Only moments before, I had been at ease in the familiar Pentagon above, surrounded by three-piece suits, starched collars and conversations spoken in measured tones. In contrast, this underground world was one of jarring noises, work-ravaged blue jeans and hard hats festooned with logos from construction projects at far away places. Their voices spoke a bizarre lexicon.
I returned to my office that afternoon, closed the door and sat at my desk with my head in my hands. What had I gotten myself into?
As I became increasingly familiar with the world of design and construction, I learned that the problems the Pentagon Renovation Program were experiencing were not unique. Discussions with other design and construction program managers from government agencies and private industry taught me that cost overruns, schedule delays, litigation and turmoil were distressingly common. Some organizations routinely penciled budgeting adjustments into their plans in order to accommodate, in advance, the seemingly inescapable expansion of program girth.
My design and construction education had begun and, as the pace of learning increased, I began to discern patterns within seeming chaos, which led to a series of revelations that would eventually help convert our program from a broken problem child into an organization that would experience extraordinary success. Despite the attacks of September 11, the Pentagon renovation would be completed 14 months ahead of schedule and $100 million under budget.
During the course of the project, I learned numerous lessons about the industry and what factors influence a successful construction process. First, I learned that the challenges faced by the design and construction industry were human in nature, not technical. The industry knew well how to design and construct and how to utilize new materials, processes and technologies. However, knowing how to accomplish something and being able to accomplish it are two different things. Too often, failure resulted—not from a lack of tools, capability or knowledge but from more fundamental challenges. The construction industry’s challenge was that, for far too long, it had been following ineffective business and organization models that constrained its workforce and managers, causing them to work inefficiently. I soon learned that my psychology and education background would not be a liability. It would be helpful.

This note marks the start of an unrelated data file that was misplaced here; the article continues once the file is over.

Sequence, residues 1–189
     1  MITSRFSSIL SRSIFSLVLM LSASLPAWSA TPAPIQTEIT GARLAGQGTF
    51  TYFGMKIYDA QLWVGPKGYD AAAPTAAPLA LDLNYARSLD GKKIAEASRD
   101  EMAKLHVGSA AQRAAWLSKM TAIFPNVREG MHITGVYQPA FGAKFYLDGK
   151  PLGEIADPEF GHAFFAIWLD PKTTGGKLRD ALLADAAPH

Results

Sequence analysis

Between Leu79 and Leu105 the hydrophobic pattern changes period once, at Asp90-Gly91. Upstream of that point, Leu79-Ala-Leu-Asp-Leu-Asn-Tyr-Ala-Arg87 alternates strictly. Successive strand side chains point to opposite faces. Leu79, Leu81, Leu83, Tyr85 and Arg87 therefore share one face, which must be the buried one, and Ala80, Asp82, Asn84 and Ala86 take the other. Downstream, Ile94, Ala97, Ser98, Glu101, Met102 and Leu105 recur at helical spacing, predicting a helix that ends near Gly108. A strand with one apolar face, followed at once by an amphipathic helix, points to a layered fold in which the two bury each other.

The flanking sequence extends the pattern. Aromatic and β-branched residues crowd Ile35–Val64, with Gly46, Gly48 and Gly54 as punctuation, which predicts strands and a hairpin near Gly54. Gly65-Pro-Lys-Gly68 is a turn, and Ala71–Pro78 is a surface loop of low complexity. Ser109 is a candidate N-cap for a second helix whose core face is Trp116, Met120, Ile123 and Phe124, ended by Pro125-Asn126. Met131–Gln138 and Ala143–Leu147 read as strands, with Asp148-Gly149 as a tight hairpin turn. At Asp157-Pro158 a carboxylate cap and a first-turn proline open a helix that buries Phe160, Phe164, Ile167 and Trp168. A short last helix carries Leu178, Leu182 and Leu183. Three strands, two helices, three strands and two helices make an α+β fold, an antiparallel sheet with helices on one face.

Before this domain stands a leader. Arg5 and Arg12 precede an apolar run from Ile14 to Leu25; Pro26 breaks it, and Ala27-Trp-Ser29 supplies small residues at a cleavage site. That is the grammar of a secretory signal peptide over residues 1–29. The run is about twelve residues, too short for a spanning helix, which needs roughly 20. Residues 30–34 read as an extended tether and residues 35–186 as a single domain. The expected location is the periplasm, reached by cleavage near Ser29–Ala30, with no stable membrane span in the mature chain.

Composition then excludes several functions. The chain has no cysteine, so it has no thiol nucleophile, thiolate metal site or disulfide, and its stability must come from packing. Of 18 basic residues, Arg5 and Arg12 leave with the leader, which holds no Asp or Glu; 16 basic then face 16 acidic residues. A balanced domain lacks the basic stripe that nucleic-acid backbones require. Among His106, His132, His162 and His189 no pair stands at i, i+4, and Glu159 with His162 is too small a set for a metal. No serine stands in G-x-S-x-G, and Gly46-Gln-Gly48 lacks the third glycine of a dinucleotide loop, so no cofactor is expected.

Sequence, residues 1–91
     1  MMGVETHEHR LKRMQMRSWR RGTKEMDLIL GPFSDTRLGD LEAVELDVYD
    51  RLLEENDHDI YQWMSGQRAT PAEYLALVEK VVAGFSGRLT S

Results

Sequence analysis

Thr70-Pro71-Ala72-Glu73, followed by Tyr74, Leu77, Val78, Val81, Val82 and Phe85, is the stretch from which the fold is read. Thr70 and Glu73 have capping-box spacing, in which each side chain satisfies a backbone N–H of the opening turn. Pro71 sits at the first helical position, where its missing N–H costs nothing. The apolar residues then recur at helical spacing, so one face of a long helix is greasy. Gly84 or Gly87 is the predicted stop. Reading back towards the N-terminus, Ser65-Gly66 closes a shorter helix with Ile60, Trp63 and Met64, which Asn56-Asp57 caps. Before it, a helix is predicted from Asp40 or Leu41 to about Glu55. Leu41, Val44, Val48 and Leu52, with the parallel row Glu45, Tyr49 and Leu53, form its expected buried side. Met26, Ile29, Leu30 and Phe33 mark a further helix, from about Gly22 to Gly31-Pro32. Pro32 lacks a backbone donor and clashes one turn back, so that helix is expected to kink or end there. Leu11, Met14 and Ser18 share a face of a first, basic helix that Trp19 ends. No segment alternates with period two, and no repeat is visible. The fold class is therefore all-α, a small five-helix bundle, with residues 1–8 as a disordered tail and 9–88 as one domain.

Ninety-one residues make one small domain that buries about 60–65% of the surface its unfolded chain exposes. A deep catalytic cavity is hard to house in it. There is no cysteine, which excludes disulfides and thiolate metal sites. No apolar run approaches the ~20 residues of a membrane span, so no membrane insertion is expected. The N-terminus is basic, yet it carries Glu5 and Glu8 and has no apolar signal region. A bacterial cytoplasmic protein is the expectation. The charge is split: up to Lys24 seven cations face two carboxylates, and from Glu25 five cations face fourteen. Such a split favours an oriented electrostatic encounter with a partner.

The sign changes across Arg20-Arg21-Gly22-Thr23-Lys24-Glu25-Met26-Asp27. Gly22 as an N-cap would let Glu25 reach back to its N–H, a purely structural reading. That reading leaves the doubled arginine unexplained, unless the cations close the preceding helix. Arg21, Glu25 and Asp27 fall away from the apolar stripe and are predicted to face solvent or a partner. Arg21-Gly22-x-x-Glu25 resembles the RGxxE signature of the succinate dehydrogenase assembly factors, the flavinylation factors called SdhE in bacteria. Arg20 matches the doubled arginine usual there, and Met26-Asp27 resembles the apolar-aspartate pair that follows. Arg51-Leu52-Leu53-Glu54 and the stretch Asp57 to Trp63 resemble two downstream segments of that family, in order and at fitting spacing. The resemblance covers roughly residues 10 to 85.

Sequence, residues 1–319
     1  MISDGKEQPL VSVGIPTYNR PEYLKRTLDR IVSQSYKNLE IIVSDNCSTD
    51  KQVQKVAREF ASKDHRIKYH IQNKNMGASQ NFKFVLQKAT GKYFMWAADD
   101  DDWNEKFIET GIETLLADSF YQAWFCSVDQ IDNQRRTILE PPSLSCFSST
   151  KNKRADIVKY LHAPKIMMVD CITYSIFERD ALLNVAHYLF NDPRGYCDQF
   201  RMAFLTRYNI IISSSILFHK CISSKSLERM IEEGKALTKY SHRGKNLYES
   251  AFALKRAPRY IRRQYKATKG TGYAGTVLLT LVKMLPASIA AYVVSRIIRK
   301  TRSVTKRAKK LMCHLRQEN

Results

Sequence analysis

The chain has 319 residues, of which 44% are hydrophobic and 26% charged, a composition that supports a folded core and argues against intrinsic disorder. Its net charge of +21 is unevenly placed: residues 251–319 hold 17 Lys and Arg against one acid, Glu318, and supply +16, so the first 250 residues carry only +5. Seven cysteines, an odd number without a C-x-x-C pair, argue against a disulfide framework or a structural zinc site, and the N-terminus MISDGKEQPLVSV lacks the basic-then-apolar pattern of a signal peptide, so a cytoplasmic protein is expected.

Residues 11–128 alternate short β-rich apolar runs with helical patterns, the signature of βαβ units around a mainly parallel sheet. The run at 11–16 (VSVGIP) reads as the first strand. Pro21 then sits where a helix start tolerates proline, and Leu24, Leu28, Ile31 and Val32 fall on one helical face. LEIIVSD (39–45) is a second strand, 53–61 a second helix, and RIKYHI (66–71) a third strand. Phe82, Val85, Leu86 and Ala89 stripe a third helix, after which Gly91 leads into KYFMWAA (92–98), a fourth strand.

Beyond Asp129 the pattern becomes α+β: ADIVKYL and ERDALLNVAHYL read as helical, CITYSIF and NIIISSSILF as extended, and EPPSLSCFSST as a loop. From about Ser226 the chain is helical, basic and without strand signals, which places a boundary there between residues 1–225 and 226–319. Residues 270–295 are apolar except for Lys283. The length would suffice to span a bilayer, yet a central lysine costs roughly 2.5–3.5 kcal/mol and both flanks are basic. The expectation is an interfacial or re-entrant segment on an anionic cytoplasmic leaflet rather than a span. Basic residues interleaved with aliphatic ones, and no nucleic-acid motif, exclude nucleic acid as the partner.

Second, I learned that the design and construction industry had somehow failed to understand the fundamental mantra that every Sunday afternoon football fan can repeat from memory while asleep on the couch and still under the spell of a couple of six-packs: Top performance requires teamwork. In the same way that all members of a football team must work together to achieve a common goal, so too must all the members of a design and construction team. Architects and constructors, specialty contractors, schedulers, purchasing, quality control and the home office staff must all be thoroughly committed, mutually supportive and aligned toward the same goal. As an owner, I didn’t want to watch from the sidelines as companies with excellent employees and extraordinary capabilities managed to play a losing game by working for competing purposes.